50 years of Flem­ing’s fic­tion

With Ian Flem­ing’s words and John Burn­ing­ham’s il­lus­tra­tions, Chitty Chitty Bang Bang is still magic, writes Eleanor Doughty

The Sunday Telegraph - Sunday - - Cover Story -

A“jolly good read” is how artist John Burn­ing­ham would de­scribe Chitty Chitty Bang Bang, a book that he was com­mis­sioned to il­lus­trate in 1963. It was quite the project, for Chitty Chitty Bang Bang’s cre­ator was none other than Ian Flem­ing, the most suc­cess­ful au­thor in the coun­try. The first vol­ume of three was pub­lished the next year. The story is still well known, both on ac­count of be­ing the Bond cre­ator’s only chil­dren’s book, and due to its fa­mous ap­pear­ance on the sil­ver screen. The 1968 film adap­ta­tion of the book saw the bed­time story writ­ten for Cas­par, Flem­ing’s son, find its place on Christ­mas tele­vi­sion sched­ules and Chan­nel Five re­peat lists ad in­fini­tum. How­ever, with a screen­play writ­ten by Roald Dahl, the film that starred Dick van Dyke and Lionel Jef­fries sold a world so dif­fer­ent from the book’s that it is far more a work of Dahl than his friend Flem­ing. The Child Catcher and the cu­ri­ous windup dolls are Dahlian clas­sics that con­tinue to un­leash fear into the minds of chil­dren try­ing to sleep. But the book con­tains no such nightmares. The world of the mad in­ven­tor Car­ac­ta­cus Potts, his wife, Mim­sie, and their chil­dren – the “black-haired boy” Jeremy, and “golden- haired girl” Jemima – imag­ined by Flem­ing, is in­no­cent and sweet. It was while Flem­ing was in hos­pi­tal re­cov­er­ing from a heart at­tack that Chitty came alive on pa­per. Mo­ti­va­tion came from an un­likely source: a vis­it­ing friend gave him a copy of Beatrix Pot­ter’s Squir­rel Nutkin. “He thought it was so bad, so appalling, that he thought somebody had to be able to do some­thing bet­ter than that,” ex­plains Fergus Flem­ing, the au­thor’s nephew, who, in keep­ing woith the fam­ily’s link to pub­lish­ing, is one of the direc­tors at Queen Anne Press, the spe­cial­ist im­print ac­quired by the Ian Flem­ing es­tate in 2007. The fi­nal vol­ume of Chitty Chitty Bang Bang was pub­lished in 1965, mak­ing this year her half-cen­te­nary. To cel­e­brate, the book is be­ing re-re­leased in the orig­i­nal three­vol­ume for­mat. One spe­cial edi­tion, with a limited print run of 50 and a price tag of £600, in­cludes signed copies of Burn­ing­ham’s orig­i­nal il­lus­tra­tions, tightly bound in glo­ri­ous rac­ing green. Burn­ing­ham was a young grad­u­ate of the Cen­tral School of Art when he was asked to il­lus­trate the book. Lit­tle guid­ance was of­fered. “I was given a sort of coloured pic­ture of a rac­ing car of some sort,” he ex­plains. “I re­ally de­signed Chitty Chitty Bang Bang from read­ing the text and think­ing, how do you make a car fly? What is it likely to do? I made a model which I strung up on a sort of fish­ing line, and got somebody to pho­to­graph it. That’s how I started, think­ing about how it would work.” Flem­ing did not dole out the praise for Burn­ing­ham ini­tially. “It has taken me 50 years to find out that he ac­tu­ally liked the books,” the il­lus­tra­tor con­fides in the base­ment of his Hamp­stead house. Fergus Flem­ing ex­plains: “He was writ­ing to Leonard Rus­sell at The Sun­day Times, the lit­er­ary ed­i­tor, who wanted to se­ri­alise Chitty. Ian said he didn’t think this was likely to work.” This was, in part, due to the bril­liance of Burn­ing­ham’s il­lus­tra­tions. The story that the car-mad Flem­ing wrote for his son has sus­tained its pop­u­lar­ity for the last 50 years. But why? “Flem­ing did cap­ture child­hood dreams re­ally well,” his nephew says. “It’s just got all the in­gre­di­ents.” Burn­ing­ham agrees: “Be­ing cap­tured by the bad guy, es­cap­ing and just about get­ting away.” “The mad in­ven­tor, too,” Fergus Flem­ing adds. But of course, the il­lus­tra­tions bring the words to life. Be­fore his death, Ian Flem­ing only re­quested a cou­ple of changes be made to Burn­ing­ham’s il­lus­tra­tions. “One was, I think, to a petrol pump, a sign on the petrol pump,” the artist re­calls. “He [also] wanted a Tabac sign put in the Paris land­scape. I didn’t see him again, and he was dead months later.” It is agreed, in a sketch-walled room in Burn­ing­ham’s house, that Chitty Chitty Bang Bang is a Flem­ing clas­sic. “It’s got a lot of hall­marks, a lot of the en­thu­si­asm, the love of cars, and ad­ven­ture,” Fergus says. But most of all, Ian Flem­ing re­ally be­lieved in it. “It’s done with great con­vic­tion that it’s a proper story, and that’s what kids like,” Burn­ing­ham says. That is why, after 50 years, Chitty Chitty Bang Bang is still one of the great chil­dren’s books of our time. And long may it con­tinue. The three vol­ume set, with a limited run of 100, is avail­able for £125 from queenan­nepress.com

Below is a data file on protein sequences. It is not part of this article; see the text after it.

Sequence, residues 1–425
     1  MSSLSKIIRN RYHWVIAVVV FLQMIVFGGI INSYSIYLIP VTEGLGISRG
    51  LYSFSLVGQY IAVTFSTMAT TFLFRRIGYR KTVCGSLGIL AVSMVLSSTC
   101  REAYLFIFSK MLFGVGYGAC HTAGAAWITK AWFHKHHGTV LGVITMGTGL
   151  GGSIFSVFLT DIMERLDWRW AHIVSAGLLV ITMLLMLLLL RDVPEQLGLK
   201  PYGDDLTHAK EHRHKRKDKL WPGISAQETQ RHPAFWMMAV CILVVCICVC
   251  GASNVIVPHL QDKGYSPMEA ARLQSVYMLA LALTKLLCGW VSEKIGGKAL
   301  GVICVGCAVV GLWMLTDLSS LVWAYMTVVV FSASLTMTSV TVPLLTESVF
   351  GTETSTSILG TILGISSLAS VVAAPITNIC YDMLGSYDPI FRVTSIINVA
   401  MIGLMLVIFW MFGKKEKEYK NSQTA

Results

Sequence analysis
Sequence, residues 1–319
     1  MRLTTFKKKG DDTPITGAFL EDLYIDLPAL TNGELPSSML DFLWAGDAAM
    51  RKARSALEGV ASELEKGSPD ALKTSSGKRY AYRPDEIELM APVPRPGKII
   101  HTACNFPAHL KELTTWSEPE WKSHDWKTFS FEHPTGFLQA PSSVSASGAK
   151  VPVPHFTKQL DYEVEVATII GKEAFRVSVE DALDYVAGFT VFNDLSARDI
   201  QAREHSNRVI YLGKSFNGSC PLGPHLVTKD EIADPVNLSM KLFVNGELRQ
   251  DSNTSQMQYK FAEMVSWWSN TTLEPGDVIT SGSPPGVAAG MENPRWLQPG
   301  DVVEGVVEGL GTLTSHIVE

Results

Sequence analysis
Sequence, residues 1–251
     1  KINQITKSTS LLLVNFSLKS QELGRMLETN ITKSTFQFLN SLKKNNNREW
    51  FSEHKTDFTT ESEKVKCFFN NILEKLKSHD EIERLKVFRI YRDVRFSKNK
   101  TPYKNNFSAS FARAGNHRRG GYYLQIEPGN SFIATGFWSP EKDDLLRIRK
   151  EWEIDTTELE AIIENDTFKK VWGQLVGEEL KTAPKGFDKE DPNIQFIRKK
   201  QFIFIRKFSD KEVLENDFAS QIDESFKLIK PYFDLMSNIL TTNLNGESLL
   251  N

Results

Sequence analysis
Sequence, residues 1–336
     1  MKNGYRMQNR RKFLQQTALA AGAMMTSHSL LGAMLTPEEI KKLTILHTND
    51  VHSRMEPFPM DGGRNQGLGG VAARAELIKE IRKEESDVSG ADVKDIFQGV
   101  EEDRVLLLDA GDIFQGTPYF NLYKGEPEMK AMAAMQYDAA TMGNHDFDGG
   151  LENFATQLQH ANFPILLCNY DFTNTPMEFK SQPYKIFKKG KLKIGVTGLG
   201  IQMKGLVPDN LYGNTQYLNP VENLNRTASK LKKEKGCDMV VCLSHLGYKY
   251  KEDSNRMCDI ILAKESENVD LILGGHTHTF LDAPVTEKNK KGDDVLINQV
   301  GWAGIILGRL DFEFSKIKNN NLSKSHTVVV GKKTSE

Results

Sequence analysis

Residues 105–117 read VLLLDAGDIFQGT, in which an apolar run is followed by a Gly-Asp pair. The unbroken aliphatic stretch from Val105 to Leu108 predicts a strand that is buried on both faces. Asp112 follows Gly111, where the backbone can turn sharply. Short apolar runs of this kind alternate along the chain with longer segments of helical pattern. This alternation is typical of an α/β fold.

Car­toon ca­per: the first vol­ume of Ian Flem­ing’s book was pub­lished in 1964

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